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Posted: April 12, 2011

Enlarged Prostate and Cancer:
Knowing the Difference Between Them

Q. My uncle is older and has an enlarged prostate. Is this a sign of cancer?

A. Most men with enlarged prostates don't develop prostate cancer, but there's a lot more to this question.

The prostate is a walnut-size organ that surrounds the tube (urethra) that carries urine from the bladder. The urethra also transmits semen, which is a combination of sperm plus a fluid the prostate adds.

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Benign prostatic hyperplasia (BPH) is the term used to describe an enlarged prostate, which is common in men age 50 and older. An enlarged prostate may squeeze the urethra, making it hard to urinate. It may cause dribbling after you urinate or a frequent urge to urinate, especially at night.

Some men with prostate cancer also have BPH, but that doesn't mean that the two conditions are always linked. However, because the early symptoms are the same for both conditions, you should see a doctor if you have these symptoms.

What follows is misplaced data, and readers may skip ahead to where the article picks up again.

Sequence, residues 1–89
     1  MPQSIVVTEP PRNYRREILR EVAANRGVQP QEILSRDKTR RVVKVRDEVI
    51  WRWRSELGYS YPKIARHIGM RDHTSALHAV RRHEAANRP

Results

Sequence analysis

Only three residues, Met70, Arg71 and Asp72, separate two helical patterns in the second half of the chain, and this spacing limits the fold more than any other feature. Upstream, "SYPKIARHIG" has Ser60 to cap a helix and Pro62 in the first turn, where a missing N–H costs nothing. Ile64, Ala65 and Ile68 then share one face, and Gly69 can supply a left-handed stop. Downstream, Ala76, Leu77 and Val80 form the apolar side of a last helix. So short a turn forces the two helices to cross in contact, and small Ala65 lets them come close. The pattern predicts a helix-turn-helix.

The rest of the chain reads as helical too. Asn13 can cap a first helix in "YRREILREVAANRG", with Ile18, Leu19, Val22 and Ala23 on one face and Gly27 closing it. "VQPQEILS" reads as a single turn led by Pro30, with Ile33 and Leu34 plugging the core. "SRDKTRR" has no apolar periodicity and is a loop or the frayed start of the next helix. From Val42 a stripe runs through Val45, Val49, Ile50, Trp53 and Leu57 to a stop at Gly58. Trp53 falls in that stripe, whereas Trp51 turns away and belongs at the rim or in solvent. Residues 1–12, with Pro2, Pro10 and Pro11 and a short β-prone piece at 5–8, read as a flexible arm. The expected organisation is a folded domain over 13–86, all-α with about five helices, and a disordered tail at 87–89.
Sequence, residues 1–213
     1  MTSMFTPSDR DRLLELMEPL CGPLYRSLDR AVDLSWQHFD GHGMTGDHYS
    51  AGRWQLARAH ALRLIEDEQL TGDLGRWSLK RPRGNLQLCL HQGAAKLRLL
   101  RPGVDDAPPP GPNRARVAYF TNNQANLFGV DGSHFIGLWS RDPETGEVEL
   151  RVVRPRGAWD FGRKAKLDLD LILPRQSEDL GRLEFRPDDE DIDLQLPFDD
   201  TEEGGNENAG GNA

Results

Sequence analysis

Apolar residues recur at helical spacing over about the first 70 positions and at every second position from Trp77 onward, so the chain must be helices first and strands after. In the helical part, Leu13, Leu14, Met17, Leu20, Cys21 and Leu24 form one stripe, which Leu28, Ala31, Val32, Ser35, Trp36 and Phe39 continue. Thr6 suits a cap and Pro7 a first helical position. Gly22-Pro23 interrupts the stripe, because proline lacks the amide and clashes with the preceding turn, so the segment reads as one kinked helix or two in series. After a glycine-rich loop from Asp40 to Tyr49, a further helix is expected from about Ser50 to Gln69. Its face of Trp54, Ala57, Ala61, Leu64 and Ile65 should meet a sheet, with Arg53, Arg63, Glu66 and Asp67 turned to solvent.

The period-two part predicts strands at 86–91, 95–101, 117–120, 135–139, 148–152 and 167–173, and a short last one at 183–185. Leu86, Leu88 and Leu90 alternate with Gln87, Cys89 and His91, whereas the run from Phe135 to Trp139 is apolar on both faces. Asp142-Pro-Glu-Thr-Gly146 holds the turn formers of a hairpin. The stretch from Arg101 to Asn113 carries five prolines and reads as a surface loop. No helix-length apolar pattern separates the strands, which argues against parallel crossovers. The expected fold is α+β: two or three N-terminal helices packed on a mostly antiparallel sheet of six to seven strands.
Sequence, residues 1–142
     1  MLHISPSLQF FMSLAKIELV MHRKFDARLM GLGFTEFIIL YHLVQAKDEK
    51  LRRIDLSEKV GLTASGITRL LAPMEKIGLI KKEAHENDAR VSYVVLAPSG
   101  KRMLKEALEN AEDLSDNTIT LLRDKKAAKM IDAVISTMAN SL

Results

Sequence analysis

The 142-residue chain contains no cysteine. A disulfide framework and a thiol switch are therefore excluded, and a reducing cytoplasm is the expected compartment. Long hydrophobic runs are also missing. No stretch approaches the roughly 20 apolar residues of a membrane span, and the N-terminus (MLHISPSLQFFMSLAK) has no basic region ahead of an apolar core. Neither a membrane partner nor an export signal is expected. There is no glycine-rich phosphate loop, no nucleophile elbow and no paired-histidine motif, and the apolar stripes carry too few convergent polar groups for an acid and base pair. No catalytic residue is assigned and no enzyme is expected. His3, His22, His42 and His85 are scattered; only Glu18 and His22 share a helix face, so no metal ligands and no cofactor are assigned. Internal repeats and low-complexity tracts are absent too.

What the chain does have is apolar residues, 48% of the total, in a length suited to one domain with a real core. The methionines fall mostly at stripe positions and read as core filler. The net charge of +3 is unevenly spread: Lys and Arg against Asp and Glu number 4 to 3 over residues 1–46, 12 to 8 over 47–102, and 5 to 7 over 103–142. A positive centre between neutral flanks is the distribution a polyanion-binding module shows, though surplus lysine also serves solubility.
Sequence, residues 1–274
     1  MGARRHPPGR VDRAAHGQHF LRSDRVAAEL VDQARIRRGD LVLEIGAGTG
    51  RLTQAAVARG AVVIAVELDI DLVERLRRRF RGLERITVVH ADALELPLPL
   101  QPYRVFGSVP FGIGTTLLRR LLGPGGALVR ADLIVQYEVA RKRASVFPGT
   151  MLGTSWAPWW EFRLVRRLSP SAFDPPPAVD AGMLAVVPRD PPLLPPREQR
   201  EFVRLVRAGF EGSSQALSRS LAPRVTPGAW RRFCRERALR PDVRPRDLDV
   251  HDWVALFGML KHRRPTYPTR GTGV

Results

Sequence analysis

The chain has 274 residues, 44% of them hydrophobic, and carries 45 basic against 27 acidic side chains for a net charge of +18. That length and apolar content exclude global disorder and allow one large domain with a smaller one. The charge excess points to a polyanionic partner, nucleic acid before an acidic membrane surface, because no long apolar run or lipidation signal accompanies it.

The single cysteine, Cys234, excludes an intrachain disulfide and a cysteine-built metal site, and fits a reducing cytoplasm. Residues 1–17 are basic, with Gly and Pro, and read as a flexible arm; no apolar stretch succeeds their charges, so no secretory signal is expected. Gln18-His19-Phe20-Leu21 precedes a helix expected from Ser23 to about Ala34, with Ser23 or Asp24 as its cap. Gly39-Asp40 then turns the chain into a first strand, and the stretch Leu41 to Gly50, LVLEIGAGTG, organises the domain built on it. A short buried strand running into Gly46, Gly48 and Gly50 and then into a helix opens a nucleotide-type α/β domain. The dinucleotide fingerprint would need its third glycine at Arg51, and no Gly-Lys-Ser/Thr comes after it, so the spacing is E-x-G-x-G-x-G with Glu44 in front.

The following are other symptoms of prostate problems: blood in urine or semen, burning urination, difficulty getting an erection, painful ejaculation, frequent pain or stiffness in lower back, hips or upper thighs.

Treatment choices for BPH include:

Prostate cancer is one of the most common types of cancer among American men. Treatment for prostate cancer works best when the disease is found early. In a physical exam, the doctor feels the prostate through the rectal wall. Hard or lumpy areas may mean that cancer is present.

Your doctor also may suggest a blood test to check your prostate specific antigen (PSA) level. PSA levels may be high in men who have an enlarged prostate gland or prostate cancer. PSA tests are used for early cancer diagnosis. But PSA test results alone do not always tell whether or not cancer is present.

When doctors suspect cancer, they also may perform a biopsy. Doctors can take out a small piece of the prostate and look at it under a microscope.

There are many options for treating prostate cancer:

Surgery can lead to impotence and incontinence. Improvements in surgery now make it possible for some men to keep their sexual function.

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Fred Cicetti is a freelance writer who specializes in health. He has been writing professionally since 1963. Before he began freelancing, he was a reporter and columnist for three daily newspapers in New Jersey. He has written two published novels: Saltwater Taffy, and Local Angles. You can send your health-related questions to Fred at fred@healthygeezer.com

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